Robert P. Giugliano, M.D eddrugs2018.com ., Christian T. Ruff, M.D., M.P.H., Eugene Braunwald, M.D., Sabina A. Murphy, M.P.H., Stephen D. Wiviott, M.D., Jonathan L. Halperin, M.D., Albert L. Waldo, M.D., Michael D. Ezekowitz, M.D., D.Phil., Jeffrey I. Weitz, M.D.D., Witold Ruzyllo, M.D., Mikhail Ruda, M.D., Yukihiro Koretsune, M.D., Joshua Betcher, Ph.D., Minggao Shi, Ph.D., Laura T. Grasp, A.B., Shirali P. Patel, B.S., Indravadan Patel, M.D., James J. Hanyok, Pharm.D., Michele Mercuri, M.D., and Elliott M. Antman, M.D. For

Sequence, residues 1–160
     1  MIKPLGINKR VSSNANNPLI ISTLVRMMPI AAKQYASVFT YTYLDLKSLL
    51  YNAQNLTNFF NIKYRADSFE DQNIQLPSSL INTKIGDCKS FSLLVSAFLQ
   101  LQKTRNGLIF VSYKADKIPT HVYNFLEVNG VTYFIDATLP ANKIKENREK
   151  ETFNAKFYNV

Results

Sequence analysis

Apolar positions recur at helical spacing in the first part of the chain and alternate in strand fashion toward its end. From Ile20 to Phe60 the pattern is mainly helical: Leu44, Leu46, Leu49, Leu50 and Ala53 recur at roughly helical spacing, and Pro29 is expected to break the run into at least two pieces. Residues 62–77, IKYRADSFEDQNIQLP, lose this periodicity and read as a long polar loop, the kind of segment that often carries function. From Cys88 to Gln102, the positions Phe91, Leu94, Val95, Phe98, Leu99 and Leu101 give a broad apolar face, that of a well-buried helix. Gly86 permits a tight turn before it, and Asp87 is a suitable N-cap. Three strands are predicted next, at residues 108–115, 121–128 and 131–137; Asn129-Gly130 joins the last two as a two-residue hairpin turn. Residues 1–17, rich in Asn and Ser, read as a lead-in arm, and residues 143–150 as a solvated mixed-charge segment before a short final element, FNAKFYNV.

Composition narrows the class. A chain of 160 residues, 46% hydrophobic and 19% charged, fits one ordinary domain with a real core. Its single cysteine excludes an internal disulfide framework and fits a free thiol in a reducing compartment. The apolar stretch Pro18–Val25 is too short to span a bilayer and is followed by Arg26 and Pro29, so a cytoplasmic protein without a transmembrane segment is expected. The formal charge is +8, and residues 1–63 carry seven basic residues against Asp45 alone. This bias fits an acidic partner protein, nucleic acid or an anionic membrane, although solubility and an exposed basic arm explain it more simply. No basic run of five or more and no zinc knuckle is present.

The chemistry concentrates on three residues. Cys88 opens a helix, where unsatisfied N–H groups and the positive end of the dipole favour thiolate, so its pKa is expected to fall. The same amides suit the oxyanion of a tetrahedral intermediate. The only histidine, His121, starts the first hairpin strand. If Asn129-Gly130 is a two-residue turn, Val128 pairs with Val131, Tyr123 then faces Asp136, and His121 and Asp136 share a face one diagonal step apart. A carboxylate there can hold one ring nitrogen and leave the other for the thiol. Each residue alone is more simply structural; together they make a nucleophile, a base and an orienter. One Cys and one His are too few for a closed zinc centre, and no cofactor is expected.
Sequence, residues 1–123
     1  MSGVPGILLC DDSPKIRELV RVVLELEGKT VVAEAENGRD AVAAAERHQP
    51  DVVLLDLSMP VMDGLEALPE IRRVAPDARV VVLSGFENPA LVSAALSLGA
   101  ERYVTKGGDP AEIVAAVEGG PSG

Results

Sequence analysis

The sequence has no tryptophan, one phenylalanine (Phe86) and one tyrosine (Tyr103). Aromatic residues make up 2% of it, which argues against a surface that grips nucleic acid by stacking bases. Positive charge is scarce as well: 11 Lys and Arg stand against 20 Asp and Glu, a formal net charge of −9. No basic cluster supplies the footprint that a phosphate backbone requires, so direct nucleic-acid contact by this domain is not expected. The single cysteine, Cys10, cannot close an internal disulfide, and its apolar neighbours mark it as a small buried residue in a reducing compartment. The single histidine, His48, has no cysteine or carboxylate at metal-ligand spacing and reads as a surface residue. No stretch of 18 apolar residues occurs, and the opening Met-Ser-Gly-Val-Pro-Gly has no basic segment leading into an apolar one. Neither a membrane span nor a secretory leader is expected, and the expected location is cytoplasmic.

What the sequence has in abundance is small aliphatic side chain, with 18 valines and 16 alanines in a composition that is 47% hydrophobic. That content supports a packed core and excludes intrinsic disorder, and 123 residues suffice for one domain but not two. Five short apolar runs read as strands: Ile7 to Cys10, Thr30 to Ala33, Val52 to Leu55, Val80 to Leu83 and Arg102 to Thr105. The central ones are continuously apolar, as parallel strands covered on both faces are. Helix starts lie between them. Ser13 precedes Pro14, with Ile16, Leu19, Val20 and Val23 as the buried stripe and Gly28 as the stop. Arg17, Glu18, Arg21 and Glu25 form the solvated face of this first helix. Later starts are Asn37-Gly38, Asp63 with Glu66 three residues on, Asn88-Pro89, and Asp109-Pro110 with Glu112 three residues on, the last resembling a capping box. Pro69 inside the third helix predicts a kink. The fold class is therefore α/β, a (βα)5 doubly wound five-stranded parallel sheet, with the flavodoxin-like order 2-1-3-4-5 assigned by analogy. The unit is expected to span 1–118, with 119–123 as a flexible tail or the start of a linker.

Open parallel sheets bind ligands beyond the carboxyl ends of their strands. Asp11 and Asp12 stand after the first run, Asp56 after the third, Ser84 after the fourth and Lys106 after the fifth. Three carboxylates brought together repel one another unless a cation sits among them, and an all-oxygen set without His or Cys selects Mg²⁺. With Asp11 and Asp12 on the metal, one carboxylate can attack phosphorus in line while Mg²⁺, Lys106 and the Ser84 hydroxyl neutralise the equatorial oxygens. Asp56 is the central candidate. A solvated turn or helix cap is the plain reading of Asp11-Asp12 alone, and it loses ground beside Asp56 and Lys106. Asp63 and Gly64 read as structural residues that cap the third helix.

Food and Drug Administration. In the usa, colon cancer is a respected cause of cancer deaths, according to the U.S. Centers for Disease Control and Prevention. For the study, published in the Sept. 1 problem of the history of Internal Medicine, investigators sifted through several Danish cancer databases to gather the health histories greater than 10,000 colon cancer patients diagnosed between 1994 and 2011. Patients were between the age range of 30 and 85. Medical records were stacked up against aspirin and nonaspirin NSAID consumption patterns – – this was feasible because in Denmark many NSAIDs and low-dose aspirins are obtainable by prescription only. A comparison of cancer patients with more than 100,000 cancer-free Danes revealed that regular, long-term usage of low-dose NSAIDs and aspirin seemed to confer long-term protection against cancer of the colon.